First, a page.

Posters for The Orphanage

Series of Spanish posters

poster 1

Poster 1

poster 2

Poster 2

poster 3

Poster 3

The various posters for El orfanato/The Orphanage offer us the chance to consider the different ways in which distributors try to attract a wide range of audiences to see a film and specifically how they stress specific genre repertoires.

In Spain, El orfanato was a mainstream film – the biggest film of the year at the Spanish box office in 2007. The film seems to have been distributed in Spain by Rodar y Rodar Cine y Television in conjunction with the Hollywood studio major Warner Bros via its Spanish subsidiary. There are two different series of posters – though they use some of the same images. The first three posters share a similar design idea – a portrait-shaped poster featuring a ‘distressed’ image set on a background of yellowing paper. The inference is that these images are offered in the context of a narrative about documents referring to past events. It’s as if the posters themselves have been found in an attic. The images are cracked/creased and torn. But although all three are presented in the same way they use different generic conventions in terms of their subject content.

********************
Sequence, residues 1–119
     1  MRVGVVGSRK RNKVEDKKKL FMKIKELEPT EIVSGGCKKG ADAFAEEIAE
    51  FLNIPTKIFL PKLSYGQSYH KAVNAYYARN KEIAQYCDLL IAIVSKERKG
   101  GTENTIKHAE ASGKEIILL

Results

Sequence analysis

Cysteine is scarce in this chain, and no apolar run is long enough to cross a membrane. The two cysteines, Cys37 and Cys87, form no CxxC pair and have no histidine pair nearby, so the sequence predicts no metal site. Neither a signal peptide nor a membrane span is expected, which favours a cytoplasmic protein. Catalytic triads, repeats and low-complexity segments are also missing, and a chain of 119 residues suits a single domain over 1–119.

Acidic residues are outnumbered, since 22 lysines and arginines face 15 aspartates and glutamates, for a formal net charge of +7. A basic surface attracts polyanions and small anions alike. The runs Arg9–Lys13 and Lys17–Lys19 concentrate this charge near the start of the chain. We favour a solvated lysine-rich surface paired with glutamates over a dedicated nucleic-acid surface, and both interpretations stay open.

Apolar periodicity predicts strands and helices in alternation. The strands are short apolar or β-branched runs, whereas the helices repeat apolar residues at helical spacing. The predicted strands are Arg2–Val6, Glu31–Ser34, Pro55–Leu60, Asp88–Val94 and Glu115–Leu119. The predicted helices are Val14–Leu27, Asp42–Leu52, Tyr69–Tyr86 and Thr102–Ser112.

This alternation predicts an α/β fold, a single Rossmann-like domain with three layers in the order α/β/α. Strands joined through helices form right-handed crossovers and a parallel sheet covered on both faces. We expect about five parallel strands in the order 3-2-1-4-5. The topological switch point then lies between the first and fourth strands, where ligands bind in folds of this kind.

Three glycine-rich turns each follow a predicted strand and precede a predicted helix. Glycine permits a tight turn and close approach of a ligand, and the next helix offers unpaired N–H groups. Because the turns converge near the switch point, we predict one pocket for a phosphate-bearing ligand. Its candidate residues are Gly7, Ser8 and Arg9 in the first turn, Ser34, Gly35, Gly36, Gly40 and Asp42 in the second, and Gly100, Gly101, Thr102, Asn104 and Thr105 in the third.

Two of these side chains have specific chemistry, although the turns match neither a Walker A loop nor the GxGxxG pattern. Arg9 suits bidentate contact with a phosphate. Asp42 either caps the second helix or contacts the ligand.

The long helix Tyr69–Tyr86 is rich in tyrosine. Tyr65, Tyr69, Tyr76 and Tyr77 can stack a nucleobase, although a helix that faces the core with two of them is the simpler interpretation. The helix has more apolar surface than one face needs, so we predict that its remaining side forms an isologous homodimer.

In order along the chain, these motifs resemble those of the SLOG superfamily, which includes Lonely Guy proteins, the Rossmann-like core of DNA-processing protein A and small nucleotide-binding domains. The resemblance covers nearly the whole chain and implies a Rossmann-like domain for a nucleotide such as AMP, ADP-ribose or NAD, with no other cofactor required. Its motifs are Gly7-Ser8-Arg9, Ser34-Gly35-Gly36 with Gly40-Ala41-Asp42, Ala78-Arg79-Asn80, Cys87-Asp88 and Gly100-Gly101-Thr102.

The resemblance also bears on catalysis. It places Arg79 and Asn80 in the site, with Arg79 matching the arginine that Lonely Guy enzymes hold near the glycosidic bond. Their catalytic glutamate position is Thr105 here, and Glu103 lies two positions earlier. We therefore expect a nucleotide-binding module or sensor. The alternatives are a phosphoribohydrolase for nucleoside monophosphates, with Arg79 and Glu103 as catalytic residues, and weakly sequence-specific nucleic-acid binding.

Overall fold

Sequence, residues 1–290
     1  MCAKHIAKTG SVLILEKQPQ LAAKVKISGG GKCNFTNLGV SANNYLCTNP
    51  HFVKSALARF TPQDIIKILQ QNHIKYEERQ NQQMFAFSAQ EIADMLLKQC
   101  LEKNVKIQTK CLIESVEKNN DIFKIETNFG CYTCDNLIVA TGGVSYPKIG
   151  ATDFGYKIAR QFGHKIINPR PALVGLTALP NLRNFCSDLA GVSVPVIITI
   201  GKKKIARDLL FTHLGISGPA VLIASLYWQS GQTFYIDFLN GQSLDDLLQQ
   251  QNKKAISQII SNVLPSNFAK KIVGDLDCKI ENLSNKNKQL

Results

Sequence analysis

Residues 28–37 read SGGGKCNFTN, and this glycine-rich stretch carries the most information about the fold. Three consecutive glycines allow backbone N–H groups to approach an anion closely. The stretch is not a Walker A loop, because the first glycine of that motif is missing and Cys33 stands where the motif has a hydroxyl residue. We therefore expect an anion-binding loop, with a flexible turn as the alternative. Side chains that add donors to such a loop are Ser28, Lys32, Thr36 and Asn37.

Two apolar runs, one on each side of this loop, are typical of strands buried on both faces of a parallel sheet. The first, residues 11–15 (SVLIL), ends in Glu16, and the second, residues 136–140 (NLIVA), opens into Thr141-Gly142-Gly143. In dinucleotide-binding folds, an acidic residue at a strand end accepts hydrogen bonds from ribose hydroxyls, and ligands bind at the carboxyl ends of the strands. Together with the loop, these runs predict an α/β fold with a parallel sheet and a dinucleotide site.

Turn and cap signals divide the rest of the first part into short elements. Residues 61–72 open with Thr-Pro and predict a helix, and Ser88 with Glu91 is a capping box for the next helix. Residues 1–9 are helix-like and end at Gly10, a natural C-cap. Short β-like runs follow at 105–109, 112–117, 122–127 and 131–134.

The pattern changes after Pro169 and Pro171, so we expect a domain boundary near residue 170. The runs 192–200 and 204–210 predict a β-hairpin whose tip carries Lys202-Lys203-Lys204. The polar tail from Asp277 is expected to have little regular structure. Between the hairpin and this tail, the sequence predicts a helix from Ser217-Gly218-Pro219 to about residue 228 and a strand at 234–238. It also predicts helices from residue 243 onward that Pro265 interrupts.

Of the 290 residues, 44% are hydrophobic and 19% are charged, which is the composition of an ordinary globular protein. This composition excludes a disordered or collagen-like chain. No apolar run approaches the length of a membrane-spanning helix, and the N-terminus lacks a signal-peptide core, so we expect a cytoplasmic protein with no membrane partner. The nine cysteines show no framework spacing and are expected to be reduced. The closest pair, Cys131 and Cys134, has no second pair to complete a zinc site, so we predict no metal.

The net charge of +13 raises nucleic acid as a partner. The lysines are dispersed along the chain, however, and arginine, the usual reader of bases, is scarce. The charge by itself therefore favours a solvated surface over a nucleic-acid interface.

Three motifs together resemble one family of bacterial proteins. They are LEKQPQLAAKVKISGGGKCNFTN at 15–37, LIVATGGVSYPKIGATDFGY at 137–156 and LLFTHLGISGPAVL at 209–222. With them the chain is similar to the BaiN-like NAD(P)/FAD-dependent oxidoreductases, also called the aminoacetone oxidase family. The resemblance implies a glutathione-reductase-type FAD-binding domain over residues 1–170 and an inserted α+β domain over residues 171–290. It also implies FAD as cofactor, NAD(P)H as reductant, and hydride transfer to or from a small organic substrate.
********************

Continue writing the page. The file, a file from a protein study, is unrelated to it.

Poster 1 is painted black on red and features the house – the orphanage – and an outline of the children by the swing. It is a lurid image in which the black watercolour seems to be dripping from the subject over a blood-red background and an image of a skull with a screaming mouth has been superimposed on the house. The whole image invokes a tone that is not there in the film. It suggests shock horror and the most familiar image of this type is from Hitchcock’s Psycho – of the house on the top of the rise as viewed from the Bates Motel. Psycho also includes a mummified corpse with a skull used to shock effect. Presumably this poster was designed to attract a younger (teen) audience with the promise of exploitation horror cinema. Audiences approaching the film on this basis are likely to have been disappointed.